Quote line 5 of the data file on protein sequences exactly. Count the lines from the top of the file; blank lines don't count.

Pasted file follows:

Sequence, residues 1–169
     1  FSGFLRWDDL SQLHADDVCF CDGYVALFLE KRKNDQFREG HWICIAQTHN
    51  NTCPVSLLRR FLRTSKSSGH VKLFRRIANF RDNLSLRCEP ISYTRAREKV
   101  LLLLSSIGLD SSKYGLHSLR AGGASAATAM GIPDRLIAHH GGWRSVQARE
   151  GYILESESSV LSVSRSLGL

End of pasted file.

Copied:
   151  GYILESESSV LSVSRSLGL